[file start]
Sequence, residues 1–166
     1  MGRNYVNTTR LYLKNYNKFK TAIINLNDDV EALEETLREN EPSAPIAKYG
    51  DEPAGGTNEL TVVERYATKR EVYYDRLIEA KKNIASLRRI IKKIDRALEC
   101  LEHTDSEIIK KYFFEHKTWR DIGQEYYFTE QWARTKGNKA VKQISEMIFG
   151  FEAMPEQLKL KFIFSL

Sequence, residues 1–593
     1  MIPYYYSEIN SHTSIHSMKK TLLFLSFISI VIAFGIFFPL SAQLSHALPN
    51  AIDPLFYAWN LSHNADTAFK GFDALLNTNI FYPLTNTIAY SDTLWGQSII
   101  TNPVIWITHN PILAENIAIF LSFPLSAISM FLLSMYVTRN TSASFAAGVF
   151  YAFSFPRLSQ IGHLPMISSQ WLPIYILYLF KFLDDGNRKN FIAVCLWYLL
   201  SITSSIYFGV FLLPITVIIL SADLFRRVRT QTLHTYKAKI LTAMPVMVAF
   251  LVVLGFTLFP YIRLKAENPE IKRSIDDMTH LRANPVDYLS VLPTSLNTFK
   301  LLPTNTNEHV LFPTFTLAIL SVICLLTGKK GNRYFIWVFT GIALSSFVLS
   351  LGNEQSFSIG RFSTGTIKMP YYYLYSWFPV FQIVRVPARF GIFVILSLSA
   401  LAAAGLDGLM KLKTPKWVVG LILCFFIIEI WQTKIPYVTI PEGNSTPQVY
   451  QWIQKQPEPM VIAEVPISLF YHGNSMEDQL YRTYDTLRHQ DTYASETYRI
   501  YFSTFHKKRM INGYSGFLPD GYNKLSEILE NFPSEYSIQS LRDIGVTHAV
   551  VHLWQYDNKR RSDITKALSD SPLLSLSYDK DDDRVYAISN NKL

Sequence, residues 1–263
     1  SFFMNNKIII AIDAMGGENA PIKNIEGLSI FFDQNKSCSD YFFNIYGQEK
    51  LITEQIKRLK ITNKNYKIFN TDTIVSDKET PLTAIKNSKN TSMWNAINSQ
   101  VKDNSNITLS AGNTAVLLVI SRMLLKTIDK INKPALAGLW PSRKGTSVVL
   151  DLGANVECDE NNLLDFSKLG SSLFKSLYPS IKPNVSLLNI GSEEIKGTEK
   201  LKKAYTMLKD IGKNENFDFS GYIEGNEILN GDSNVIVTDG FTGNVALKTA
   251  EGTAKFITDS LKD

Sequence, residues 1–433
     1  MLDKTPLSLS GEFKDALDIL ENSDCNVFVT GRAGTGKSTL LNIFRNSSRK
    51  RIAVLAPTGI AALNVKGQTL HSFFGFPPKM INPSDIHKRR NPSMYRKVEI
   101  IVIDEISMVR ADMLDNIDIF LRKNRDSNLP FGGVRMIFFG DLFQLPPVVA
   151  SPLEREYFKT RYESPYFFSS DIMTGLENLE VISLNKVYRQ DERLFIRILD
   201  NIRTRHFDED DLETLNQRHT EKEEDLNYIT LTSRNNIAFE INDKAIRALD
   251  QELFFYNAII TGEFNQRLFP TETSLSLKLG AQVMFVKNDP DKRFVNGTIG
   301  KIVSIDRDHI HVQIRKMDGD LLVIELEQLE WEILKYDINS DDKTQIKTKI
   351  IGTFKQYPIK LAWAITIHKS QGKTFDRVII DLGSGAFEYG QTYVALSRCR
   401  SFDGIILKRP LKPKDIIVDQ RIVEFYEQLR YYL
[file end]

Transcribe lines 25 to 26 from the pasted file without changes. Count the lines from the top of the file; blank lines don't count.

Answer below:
   251  EGTAKFITDS LKD

Sequence, residues 1–433